Fact Check

School Buses

Photograph purportedly shows school buses caught in a flooded New Orleans parking lot because no one ordered them to be deployed to evacuate residents ahead of Hurricane Katrina.

Published Sep 5, 2005

Claim:
Photograph shows school buses caught in a flooded New Orleans parking lot because no one ordered them to be deployed to evacuate residents ahead of Hurricane Katrina.
What's True

Photograph shows school buses caught in a flooded New Orleans parking lot.

What's False

The buses didn't sit in a parking lot because no one thought to use them to evacuate residents ahead of Hurricane Katrina.

The photo verification part of this item is simple enough: The image of school buses in a flooded parking lot displayed above was taken in New Orleans on 1 September 2005 by photographer Phil Coale and distributed by the Associated Press (AP); it was published by a variety of news outlets, including Yahoo! News.

That this photograph represents a bungled opportunity to have evacuated a substantial number of New Orleans residents ahead of Hurricane Katrina is not supported by evidence. Such a claim presumes an availability of resources (e.g., experienced drivers, fuel) and workable logistics (e.g., sufficient means of notifying and getting residents to departure points, sufficiently clear roads for multiple trips out of town and back, adequate facilities within a reasonable driving distance capable of providing shelter, food, and water to a large number of people for an indeterminate period of time on short notice) that may or may not have been present. (There's no guarantee that all the buses shown in this picture were even in working condition.) And, given the particular geography of New Orleans, any such evacuation would have had to have begun well in advance of Hurricane Katrina to avoid exposing residents to the potential danger of being stuck in buses on traffic-clogged roads in the path of an approaching hurricane. Moreover, any type of evacuation effort would have incurred a substantial outlay of funds from local and/or state governments — while everyone agrees with the advantage of hindsight that would have been money well spent, many taxpayers might not have been left feeling so enthusiastic about footing the bill for an unnecessary evacuation had Hurricane Katrina not proved so damaging.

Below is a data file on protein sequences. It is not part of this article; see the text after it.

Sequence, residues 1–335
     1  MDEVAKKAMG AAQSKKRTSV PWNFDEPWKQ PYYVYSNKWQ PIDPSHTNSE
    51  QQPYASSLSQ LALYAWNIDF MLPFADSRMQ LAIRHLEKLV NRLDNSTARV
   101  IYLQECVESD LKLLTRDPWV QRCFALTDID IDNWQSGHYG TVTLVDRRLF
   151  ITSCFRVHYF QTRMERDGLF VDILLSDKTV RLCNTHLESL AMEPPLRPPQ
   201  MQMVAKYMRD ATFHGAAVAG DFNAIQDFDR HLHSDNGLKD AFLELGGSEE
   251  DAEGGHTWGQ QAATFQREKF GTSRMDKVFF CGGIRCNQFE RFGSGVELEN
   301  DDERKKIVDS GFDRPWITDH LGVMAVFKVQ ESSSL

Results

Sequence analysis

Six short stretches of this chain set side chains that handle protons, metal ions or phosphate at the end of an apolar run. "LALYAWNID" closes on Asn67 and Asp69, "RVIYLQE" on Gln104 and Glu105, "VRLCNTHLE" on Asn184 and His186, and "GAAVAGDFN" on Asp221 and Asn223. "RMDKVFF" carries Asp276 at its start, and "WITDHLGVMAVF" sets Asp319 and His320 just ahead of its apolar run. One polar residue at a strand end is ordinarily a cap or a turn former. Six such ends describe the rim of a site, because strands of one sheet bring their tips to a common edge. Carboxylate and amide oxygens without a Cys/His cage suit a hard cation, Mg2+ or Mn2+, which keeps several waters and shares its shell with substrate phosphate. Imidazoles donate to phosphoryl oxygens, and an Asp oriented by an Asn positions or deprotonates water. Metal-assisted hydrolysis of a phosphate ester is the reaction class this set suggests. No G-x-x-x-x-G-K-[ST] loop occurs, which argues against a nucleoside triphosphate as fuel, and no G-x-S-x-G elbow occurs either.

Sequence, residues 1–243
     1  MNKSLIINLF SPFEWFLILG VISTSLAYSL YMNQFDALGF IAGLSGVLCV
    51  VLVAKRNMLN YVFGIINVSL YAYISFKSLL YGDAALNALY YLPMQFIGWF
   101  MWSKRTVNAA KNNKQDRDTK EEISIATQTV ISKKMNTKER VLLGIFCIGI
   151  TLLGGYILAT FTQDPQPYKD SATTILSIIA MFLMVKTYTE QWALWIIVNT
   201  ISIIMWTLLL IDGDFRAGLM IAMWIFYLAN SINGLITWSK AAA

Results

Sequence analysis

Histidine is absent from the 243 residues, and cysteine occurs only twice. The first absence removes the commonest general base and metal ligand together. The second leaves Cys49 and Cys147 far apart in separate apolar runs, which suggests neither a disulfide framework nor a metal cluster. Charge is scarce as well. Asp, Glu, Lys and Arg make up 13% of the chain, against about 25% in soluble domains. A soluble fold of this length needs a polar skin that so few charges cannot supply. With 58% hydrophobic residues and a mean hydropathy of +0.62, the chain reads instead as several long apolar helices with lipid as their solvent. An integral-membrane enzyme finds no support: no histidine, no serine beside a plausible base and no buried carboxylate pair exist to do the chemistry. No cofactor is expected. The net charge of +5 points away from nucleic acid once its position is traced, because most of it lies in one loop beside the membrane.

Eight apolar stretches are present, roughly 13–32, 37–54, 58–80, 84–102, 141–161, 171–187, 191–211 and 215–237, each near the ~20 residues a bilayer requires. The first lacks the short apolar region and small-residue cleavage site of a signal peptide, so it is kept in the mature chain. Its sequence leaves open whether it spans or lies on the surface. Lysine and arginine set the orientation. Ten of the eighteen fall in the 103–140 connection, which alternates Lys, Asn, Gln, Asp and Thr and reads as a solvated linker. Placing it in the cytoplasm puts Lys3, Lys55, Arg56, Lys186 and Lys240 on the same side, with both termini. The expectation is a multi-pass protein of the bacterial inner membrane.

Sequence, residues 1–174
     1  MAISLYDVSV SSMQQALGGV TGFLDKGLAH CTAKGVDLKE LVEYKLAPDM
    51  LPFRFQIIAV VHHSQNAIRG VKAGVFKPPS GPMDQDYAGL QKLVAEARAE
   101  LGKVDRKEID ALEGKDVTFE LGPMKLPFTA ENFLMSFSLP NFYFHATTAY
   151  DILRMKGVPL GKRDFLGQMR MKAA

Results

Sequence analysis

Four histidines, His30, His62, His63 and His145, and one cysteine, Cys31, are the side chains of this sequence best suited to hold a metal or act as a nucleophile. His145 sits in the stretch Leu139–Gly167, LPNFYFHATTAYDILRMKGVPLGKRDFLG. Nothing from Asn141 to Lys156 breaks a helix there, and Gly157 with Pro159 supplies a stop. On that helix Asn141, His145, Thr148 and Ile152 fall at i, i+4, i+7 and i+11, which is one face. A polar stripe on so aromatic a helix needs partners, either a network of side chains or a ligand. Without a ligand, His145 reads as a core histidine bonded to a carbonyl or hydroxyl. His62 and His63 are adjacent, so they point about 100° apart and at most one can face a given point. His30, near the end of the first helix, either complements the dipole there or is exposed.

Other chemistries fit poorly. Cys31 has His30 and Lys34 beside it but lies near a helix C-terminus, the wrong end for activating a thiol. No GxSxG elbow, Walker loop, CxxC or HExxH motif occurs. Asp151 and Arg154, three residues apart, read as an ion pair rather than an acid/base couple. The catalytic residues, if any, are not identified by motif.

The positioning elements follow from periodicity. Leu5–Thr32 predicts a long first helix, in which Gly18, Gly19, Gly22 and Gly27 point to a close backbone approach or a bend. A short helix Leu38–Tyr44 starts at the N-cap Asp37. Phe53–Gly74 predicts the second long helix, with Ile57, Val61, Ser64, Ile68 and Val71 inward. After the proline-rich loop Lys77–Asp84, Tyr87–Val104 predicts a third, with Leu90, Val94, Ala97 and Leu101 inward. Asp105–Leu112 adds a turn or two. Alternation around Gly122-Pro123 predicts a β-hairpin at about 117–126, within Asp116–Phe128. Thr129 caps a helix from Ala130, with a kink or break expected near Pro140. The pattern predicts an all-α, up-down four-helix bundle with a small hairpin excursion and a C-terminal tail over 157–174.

More important, residents of New Orleans received no pre-Katrina warning from federal or state officials, nor from hurricane or engineering experts, that the city's leveescould breach and fail. They weren't looking to jump aboard buses and evacuate because they thought they were relatively safe; they didn't anticipate that levee construction problems would end up destroying their homes and lives.

Some opportunities like the one posited here might have been missed in New Orleans, but coping with the uncertainty and confusion of natural disasters as they unfold is rarely as simple as it might seem in retrospect.

David Mikkelson founded the site now known as snopes.com back in 1994.

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